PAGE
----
Reading Adiga

Not being much of a reader of late at least of printed fiction; I took up Adiga because I always had a soft corner for him ever since I read his seeming contrarian article in a special issue of Time magazine on India’s new dawn. He was a correspondent there then and moved on I believe to write the book which won the Booker and man what  a book. The furore has been of some account I am told. Well furor and books to me seem a passe combination especially when Salman Rushie took the booker of bookers and mother of all furores on books! I was in an european capital that week when that issue of the magazine with India on the cover came up and it seemed like such an advertisement and there he was with an article about how his town had gone to hell in the economic upturn. I knew then he was gonna go and do something like call a spade a spade or worse write a whole book on the topic and win the Booker’s also.


The Booker really blew it because now everyone has to go and read this book or at least feel compelled too as I was and so I did. I bought the copy that I read from a pavement dweller type who had his book shop open on a foldable camp cot and the price was a whole 50 Indian rupees. I had just bought a 500 rupee hard cover for my mum the other day as she went out travelling and since I am one into symbolism and there was no way on earth I would spend my money supporting the same capitalist money grubbing systems that the book was pillorying and felt it was a good tribute to the protagonist of the story who was one who had risen so to speak from the pavement to buy the book from  there. It is a nicely writ one and Mr. Adiga writes a Munshi Premchand meets Salman Rushdie cynical look into the oppression of society with a tinge of Maoist sympathies thrown in and a pointer towards the hidden underbelly that is India – shining or not. There is a lot of melodramatic stuff in  there as must be in anything to do with India  but there is also a very real understanding of the subject and there is grimy realism here.


It did not sit well with the Indian literary circles and that is not in the least surprising; it does paint an unflattering picture. There is a reason that Munshi Premchand is not read widely today; no one wants to know of that feudalist past of ours, but the fact is that it is still quite strong in a lot of us. There are parts of our nation yet today that are not a lot further from the portrait of darkness that Adiga paints. The filmy sequences of oppressive behaviour on the part of the landlords; the death by TB; the police’s tendency to be absolutely and all comprehensively corrupt are not imagination but just pure real life. It may sound corny but there is an urban rural divide that is yawning and the governments still have not been able to plug this gap. If I have a grouse against Adiga it is the choice of China to compare with; address the letter from Balram to. China is a lot many things but when it comes to downtreading the downtrodden, I am certain they can beat us besides the several other Olympic disciplines that they already do.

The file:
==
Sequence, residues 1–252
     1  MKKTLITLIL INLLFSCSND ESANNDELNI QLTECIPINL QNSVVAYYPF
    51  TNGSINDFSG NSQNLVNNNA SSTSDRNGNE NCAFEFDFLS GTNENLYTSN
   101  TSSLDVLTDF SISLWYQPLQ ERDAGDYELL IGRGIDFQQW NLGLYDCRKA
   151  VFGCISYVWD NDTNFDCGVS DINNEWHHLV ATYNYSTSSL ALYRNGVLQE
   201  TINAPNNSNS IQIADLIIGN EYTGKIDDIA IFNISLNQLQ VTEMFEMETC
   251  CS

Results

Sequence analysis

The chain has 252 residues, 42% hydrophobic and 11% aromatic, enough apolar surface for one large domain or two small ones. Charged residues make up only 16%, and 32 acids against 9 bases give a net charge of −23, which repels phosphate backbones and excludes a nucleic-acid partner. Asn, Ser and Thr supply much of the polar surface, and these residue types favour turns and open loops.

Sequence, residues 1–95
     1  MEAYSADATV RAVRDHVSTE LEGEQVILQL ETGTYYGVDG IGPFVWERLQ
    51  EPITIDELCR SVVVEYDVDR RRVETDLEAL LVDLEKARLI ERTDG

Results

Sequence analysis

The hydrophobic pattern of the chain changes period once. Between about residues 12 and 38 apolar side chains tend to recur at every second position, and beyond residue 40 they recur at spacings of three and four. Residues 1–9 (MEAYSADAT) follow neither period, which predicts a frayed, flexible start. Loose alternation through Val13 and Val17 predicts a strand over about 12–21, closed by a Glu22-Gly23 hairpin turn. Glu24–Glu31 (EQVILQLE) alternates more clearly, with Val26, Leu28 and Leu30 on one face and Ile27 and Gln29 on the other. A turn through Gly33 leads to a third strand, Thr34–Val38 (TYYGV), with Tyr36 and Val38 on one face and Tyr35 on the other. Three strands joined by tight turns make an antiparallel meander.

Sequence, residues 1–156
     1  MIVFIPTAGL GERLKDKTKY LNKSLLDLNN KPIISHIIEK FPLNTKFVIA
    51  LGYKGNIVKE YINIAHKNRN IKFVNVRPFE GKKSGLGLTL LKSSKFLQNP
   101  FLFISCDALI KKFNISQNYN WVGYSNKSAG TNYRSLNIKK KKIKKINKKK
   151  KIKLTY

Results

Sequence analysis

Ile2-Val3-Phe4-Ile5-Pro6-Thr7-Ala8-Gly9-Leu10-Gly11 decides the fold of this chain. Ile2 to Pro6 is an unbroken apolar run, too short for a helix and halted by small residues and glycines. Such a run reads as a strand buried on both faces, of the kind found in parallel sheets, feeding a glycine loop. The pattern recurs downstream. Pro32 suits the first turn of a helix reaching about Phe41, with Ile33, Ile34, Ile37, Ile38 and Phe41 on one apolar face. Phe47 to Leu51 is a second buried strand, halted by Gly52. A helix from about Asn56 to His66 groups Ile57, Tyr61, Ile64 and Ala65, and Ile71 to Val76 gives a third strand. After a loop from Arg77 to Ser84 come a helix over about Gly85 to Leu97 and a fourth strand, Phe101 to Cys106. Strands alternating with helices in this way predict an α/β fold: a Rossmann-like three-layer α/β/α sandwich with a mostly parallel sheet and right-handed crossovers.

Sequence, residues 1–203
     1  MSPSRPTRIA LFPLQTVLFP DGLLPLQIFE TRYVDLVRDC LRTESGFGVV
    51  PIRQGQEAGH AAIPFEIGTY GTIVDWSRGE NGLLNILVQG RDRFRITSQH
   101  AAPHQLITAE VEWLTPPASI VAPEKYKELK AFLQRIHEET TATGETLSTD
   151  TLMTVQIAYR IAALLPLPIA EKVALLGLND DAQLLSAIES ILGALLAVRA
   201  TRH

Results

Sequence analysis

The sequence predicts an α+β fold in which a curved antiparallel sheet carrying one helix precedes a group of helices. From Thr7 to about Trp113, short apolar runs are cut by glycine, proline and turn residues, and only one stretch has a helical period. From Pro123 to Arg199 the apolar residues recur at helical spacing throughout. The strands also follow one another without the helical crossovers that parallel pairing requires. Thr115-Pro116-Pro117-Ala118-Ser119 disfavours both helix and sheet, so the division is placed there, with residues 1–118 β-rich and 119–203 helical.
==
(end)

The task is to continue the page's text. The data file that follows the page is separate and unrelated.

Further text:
Perhaps that is darker deeper sarcasm and a nod to the maoist theme line of the tale to address it at China? I don’t think we need to really compare with China, the issues are vastly different; the oppression of the poor and the have nots and the marginalised – however is probably of a greater degree there than it is here at India. All good books or great books or both of this century will probably have to begin at Bangalore; Friedman’s did and so does Adiga’s. He draws a compelling picture of the travel from Dhanbad to my town Bengaluru (perhaps before it became officially called that?). He begins the story here and ends it here around call centres and does not spare the corruption of the town. I feel sad though that he puts Gurgaon only on the map as a place to get corrupted and killed – they too have some great call centres there and yeah a few more people do get killed there than the national average I think, but still Gurgaon deserved a break.


Reading the book however did impact me and I started looking at the downtrodden of our country – they that drive the cabs; do the ‘servant’ work (maybe some day like the N word to describe people who are not white at America is now taboo; it will be too?) with a little more concern, a little more real concern than perhaps some of the people in the book, but then I am not really going to make a change in any one’s life. It is however very interesting to read the author’s take on the inspiration for his book..

What inspired you to write The White Tiger?

The novel began as an experiment of a kind. Visitors to India from South Africa or Latin America often asked me why there seemed to be so little crime in India, given the vast (and growing) disparity in wealth between the classes – a condition that had led to much higher levels of crime in their countries. Why was it, I began to wonder, that even though rich people in India keep so many servants, and the servants have such regular and intimate access to their master’s households, that the servants in India, by and large, stay so honest? What keeps the class system in place – and what are the conditions under which it might start to crumble? I began to think of a servant in Delhi who would, cold-bloodedly, steal from his master – and do something even worse to him. And imagining what that servant would think, and feel, and do, I began making notes that turned into this novel.

About Soumya
A technology enthusiast, forever enamored by all that it hath wrought and of course here is an attempt at making sense of it all and perhaps simplifying it!

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